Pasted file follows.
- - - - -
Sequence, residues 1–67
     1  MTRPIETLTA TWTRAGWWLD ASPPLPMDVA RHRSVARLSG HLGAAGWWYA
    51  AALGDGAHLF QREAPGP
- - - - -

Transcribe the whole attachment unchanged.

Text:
Sequence, residues 1–67
     1  MTRPIETLTA TWTRAGWWLD ASPPLPMDVA RHRSVARLSG HLGAAGWWYA
    51  AALGDGAHLF QREAPGP